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Water

Lake and ice levels along with shoreline erosion are important indicators of the impact of climate change on lakes, rivers and streams. Fluctuating water levels, increased storm activity and the resulting erosion all affect Lake Ontario and other local waterways.

City Data

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Ice and Erosion

Projected warming, particularly in winter months, is expected to further change the duration and extent of ice cover on the lakes. Less ice cover increases water loss through evaporation and accelerates shoreline erosion, especially during storms.

 

 

 

 

Hamilton Storm Water Management

Hamilton's Urban Forest is an essential tool in storm water management to reduce runoff: trees absorb water from the ground, preserve soil, and reduce the risk of flooding. In 2018, the urban forest prevented the runoff of 815 thousand cubic meters of water. This amounts to a service value of $1.9 million.

 

 

 

Changing Water Levels

According the most recent projections water levels in Lake Ontario are expected to decrease by 0.5 meters by 2050 as a result of rising temperatures.

 

 

 

 

 

City Policy

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The Science of Climate Change: Climate Data for the City of Hamilton, Ontario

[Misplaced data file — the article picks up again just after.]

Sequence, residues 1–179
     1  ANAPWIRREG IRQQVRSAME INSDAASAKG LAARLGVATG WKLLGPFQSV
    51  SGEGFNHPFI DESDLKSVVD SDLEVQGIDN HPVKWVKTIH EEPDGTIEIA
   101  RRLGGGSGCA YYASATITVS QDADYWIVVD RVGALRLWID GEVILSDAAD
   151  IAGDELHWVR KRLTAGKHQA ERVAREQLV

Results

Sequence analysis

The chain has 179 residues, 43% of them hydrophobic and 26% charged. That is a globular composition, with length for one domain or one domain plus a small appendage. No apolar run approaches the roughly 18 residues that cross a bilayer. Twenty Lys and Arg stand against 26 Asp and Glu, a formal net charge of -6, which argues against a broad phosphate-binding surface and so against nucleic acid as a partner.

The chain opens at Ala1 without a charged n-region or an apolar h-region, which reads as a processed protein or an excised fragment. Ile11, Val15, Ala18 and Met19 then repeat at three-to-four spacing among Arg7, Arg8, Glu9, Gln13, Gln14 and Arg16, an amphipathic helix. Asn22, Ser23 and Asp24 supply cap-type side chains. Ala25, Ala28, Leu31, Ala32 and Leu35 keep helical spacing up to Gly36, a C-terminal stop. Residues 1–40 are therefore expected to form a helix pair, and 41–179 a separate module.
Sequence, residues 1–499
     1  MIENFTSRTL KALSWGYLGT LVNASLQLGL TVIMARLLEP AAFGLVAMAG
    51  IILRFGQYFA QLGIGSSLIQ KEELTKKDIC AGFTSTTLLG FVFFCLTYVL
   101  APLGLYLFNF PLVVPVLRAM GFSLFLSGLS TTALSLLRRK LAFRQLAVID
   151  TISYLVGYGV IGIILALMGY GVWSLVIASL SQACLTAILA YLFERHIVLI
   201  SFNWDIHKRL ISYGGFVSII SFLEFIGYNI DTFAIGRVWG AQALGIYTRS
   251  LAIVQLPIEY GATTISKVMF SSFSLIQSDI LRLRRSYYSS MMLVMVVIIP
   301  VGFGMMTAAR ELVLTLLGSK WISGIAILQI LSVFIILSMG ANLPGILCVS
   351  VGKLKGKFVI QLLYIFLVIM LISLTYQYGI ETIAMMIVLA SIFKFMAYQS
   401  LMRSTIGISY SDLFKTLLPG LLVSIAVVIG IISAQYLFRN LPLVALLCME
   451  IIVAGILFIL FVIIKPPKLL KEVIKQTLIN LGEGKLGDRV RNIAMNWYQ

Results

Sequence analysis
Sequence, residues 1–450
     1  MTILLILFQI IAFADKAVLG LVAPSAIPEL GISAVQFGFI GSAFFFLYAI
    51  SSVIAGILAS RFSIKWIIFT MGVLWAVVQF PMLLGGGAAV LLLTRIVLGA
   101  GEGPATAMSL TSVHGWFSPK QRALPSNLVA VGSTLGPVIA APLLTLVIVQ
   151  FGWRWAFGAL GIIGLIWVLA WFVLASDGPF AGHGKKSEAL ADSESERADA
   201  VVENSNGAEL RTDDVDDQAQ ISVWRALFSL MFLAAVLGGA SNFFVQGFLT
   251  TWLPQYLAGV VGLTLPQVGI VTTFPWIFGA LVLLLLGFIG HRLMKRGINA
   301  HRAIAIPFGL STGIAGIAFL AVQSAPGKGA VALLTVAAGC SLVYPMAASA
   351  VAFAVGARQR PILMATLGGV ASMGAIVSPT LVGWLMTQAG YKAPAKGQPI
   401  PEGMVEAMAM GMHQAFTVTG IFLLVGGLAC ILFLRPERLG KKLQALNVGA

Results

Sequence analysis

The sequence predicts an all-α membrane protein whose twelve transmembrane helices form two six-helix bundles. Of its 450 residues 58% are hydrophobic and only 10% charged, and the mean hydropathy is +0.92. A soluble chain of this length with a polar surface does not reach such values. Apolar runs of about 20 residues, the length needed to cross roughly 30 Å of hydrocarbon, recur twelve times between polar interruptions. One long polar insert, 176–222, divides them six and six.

Learn More

Hamilton's Water, Wastewater and Stormwater Management Plan

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Protect Lakes and Rivers

Help protect lakes and rivers by keeping catch basins clear and only using them for their intended purpose - rain water.
Take Action

Investigate the use of rain barrels where you live and work

Take Action

Heritage

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Thinning Ice

For much of its history, Hamilton Harbour froze completely each winter. The thick layer of ice had many uses  from recreation to ice harvesting. Warmer air and water temperatures caused by climate change have resulted in a significant decrease in ice cover on Lake Ontario.

Ice Harvesting on Hamilton Harbour, 1920s. From the collection of Hamilton Public Library, original photo by William A. Chatfield, digital copyright, 2008, Hamilton Public Library.

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